Spanish-Palestinian director Ahmad Natche’s film, Two Meters of this Land, is not set in Palestine —at least, not the Palestine that so many of us presume to know; for what do we usually expect from a film about this land that is everywhere and nowhere, on all our television screens and newspapers, though not in any tangible plot of territory it can comfortably call its own? What do we anticipate from this place that is real yet fictional, and familiar yet foreign, like the limp answer to a tragic riddle? We expect guns, blood, and wailing mothers, skull-piercing screams and crazed eyes, bodies writhing with rage, grief, and emotions yet to be identified; we expect creatures, whose husks resemble those of our own, but whose circumstances and the actions and reactions they engender make them wholly ‘other’ in relation to ourselves.
We don’t use words like ‘subhuman’ anymore, and terms such as ‘victim’ have been welcomed as euphemistic substitutes. Like criminals, whose characters are often defined by committed transgressions, victims can also be deformed into caricatures, defined solely by circumstances external to them, denied agency, stripped of the banalities of daily life that make them human. We can watch these victims on our television screens because their existence is so far removed from ours, and their experiences so alien to us that we can’t feel implicated, or experience the outrage provoked by a nervous empathy that can only, it seems, present itself when our reflections are threatened; when we see human debasing human, and come to fear for our own humanity —both in a physical and metaphysical sense. We worry that we too might one day be bombed, shot, or maimed by a fellow human, or arguably worse, that we might one day do the same to others. And what is a human being? A loose aggregate of behaviours that are, for the most part, universally familiar, comforting in their ordinariness, and gratifying in their mundaneness —a kind of meta-heritage of our troubled species that keeps us relatively in check.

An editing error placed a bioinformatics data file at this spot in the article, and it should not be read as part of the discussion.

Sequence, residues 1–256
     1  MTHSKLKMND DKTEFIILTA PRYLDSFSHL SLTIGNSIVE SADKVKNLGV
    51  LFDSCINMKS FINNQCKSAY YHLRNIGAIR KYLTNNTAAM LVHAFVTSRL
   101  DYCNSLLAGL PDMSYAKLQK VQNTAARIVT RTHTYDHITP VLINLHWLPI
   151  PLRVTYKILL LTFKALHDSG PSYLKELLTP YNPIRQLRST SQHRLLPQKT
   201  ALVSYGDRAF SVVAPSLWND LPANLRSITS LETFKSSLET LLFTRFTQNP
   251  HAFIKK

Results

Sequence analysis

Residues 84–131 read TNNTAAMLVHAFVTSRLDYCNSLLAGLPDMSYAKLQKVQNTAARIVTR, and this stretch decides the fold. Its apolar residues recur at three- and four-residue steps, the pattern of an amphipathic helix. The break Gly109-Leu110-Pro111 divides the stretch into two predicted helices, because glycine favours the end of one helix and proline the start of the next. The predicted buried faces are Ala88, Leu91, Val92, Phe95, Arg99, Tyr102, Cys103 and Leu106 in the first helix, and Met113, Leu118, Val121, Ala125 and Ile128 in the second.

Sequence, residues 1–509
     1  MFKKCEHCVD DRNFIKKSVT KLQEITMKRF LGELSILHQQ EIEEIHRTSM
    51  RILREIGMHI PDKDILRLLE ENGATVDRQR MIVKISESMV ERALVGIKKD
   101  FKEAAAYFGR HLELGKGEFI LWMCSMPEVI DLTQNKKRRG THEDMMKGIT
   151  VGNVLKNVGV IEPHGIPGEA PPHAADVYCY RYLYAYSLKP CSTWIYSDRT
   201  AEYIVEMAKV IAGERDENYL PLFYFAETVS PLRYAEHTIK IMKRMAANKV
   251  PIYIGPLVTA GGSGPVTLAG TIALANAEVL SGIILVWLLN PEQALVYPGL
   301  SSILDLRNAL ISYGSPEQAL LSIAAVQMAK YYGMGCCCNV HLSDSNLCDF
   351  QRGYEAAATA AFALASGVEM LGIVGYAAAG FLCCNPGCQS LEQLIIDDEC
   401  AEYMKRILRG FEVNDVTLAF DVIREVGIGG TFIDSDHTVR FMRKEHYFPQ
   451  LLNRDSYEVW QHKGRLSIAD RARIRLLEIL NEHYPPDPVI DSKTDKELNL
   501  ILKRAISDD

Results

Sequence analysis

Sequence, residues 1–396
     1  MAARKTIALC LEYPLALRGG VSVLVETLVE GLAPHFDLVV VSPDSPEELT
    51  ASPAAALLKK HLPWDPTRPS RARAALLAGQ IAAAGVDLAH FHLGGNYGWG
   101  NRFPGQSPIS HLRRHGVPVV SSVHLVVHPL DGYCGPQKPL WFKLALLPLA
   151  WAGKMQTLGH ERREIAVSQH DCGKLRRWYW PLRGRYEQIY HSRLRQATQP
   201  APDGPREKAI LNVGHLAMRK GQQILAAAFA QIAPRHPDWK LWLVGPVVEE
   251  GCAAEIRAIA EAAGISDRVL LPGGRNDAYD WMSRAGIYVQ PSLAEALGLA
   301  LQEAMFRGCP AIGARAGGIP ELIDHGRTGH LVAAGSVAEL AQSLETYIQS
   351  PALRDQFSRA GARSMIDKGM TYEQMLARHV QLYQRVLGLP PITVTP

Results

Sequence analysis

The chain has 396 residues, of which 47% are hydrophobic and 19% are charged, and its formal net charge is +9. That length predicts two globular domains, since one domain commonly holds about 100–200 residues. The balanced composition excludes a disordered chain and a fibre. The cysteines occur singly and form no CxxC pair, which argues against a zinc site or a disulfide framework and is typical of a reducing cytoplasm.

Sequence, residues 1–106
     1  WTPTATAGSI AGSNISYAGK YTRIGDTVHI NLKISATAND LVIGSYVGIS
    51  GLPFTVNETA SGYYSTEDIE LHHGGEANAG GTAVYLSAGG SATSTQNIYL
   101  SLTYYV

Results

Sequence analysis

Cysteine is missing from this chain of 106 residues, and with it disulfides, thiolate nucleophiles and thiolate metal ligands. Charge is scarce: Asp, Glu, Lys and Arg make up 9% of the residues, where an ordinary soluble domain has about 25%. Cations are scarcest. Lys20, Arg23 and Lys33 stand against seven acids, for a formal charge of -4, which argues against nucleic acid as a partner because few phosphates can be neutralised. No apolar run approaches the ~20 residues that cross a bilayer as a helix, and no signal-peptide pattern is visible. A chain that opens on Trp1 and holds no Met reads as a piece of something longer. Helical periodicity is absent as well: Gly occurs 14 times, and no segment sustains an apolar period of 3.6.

Normally, we expect a movie about Palestine to show us individuals consumed by victimhood or criminality, their lives empty of anything we can see ourselves in. We expect to become enveloped in images so vicious that they paradoxically blanket us in the comforting falsity that what is happening ‘over there’ must be the result of abnormalities and deviances from the human norm, and spare us the guilt that accompanies passive awareness by convincing us that the situation, no matter how tragic it may be, simply cannot be helped.
Natche’s film is a welcome disappointment. It brings the minutiae of daily life to the forefront, preventing audiences from establishing that comfortable ‘distance’ between themselves and the Palestinians on screen. Set on a summer evening in Ramallah, it is essentially, a film about nothing —or not much, at least. Two Meters of this Land follows a group of youths as they plan an outdoor music concert. Non-professional actors from Ramallah and Jerusalem play the roles of journalists, technicians, dancers, and musicians preparing for the performance and engaging in idle chitchat. The conflict forces itself in through, for example, a brief conversation about the inability of West Bank civilians to travel to Jerusalem, but is prevented from interrupting the cast as they assert their humanity through an insistence on engaging in ‘normal’ activities, despite their extraordinary circumstances.